- Open-ended questions: these types of questions offer respondents the freedom to voice their opinions and express their feelings in a free-flowing manner. For example “How would you change our product?”, “What did you like about our service?”. Not having options to choose from helps to avoid bias and get real answers from respondents.
- Closed-ended questions: these questions offer respondents a range of options to choose an answer from. They are more straightforward than the open-ended questions because they allow respondents to answer questions quickly.
The downside to questionnaires is that for a variety of reasons, respondents may not be 100% truthful with their answers, and the more questions you have, the lower your completion rate will be. Therefore, it is best to build your questions to address the most relevant questions, keep them short, and should not take longer than 5 minutes to complete in order not to fatigue respondents.
The cost of printing hundreds of questionnaires and the amount of time required to distribute and collect them back can also pose challenges for researchers.
Interviews and Focus Groups.
Interviews and focus groups are techniques for collecting data, particularly about people’s experiences, attitudes, opinions, and motivations.
Interviews involve asking individuals or small groups questions about a topic, while focus groups are a more specific form of group interview where interaction between participants is encouraged. The person conducting a focus group plays the role of a facilitator – encouraging discussion– rather than an interviewer asking questions.
These methods of data collection allow observation of non-verbal communication and cues that participants may give, and not only what they say. Facilitators and interviewers also have the opportunity to ask follow-up questions and new lines of inquiry if the need arises. The major limitation of these data collection methods, however, is that it relies on the willingness of participants to disclose information or discuss in a given situation.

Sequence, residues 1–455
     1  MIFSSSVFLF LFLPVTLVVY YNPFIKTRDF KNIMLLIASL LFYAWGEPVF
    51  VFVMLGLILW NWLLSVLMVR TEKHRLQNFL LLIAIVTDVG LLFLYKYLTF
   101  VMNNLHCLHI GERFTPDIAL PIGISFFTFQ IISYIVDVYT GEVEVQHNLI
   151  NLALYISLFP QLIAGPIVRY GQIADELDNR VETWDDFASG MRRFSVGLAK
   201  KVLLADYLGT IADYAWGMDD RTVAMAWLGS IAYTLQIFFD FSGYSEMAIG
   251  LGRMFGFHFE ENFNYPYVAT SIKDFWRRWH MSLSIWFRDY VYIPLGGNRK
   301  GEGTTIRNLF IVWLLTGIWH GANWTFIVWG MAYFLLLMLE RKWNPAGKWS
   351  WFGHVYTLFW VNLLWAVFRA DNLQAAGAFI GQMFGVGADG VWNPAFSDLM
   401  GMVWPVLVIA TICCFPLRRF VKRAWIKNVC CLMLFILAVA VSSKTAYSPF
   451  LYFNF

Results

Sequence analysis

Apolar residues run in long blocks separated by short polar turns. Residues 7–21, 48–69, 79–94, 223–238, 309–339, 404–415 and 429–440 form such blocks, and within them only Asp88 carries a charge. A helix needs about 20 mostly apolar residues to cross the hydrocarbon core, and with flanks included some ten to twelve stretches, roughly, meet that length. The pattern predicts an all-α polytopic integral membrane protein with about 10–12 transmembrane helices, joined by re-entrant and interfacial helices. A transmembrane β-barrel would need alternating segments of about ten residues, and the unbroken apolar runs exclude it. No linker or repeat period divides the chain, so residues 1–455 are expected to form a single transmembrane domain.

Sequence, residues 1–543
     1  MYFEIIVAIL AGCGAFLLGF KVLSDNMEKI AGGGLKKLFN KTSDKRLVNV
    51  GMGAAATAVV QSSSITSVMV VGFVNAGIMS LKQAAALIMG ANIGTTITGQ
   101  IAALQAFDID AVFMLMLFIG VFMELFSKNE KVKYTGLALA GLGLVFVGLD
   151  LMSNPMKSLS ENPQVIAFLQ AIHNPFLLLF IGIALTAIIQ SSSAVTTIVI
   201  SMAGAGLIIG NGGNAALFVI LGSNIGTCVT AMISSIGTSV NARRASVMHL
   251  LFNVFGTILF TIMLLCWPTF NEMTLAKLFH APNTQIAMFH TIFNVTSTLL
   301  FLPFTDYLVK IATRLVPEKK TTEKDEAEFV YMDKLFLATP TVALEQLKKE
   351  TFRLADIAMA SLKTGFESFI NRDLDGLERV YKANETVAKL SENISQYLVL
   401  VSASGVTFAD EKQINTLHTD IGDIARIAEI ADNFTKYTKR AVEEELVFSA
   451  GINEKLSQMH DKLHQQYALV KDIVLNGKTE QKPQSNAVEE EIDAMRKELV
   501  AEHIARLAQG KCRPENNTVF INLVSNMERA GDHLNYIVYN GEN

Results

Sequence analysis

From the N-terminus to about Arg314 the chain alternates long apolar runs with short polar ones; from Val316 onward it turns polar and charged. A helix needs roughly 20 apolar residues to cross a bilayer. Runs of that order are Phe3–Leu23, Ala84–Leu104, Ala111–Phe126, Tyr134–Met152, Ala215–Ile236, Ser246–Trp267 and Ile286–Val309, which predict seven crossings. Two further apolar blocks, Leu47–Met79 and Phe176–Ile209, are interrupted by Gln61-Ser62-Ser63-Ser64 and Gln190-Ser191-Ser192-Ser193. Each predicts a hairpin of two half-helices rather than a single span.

Data Collection Apps With Offline Capabilities.
Data collection apps are mobile applications that make it possible to collect data through a smartphone or a tablet. The significant advantage of data collections apps is the possibility of gathering data offline and on-the-go, without losing anything.
The apps include forms that can be filled without internet access, and once you return to areas with internet access, the forms automatically synchronize with the online database.
DataBeaver, for instance, is committed to making working offline more efficient and not allowing poor network connectivity to affect your research work. With the Databeaver mobile app, mobilized agents can continue gathering data at any location, whether there is an internet connection or not. Offline entries will be queued on the app and then uploaded once an internet connection is detected.
Online or offline, establishing an approach to data collection largely depends on your goals, objectives, and data requirements. What you need to know is the kind of survey you need or would like to deploy and then apply them appropriately to get actionable data.
Offline surveys are just as useful as online surveys. Data can be collected at any location without internet interference, and can easily be analyzed using the right tools.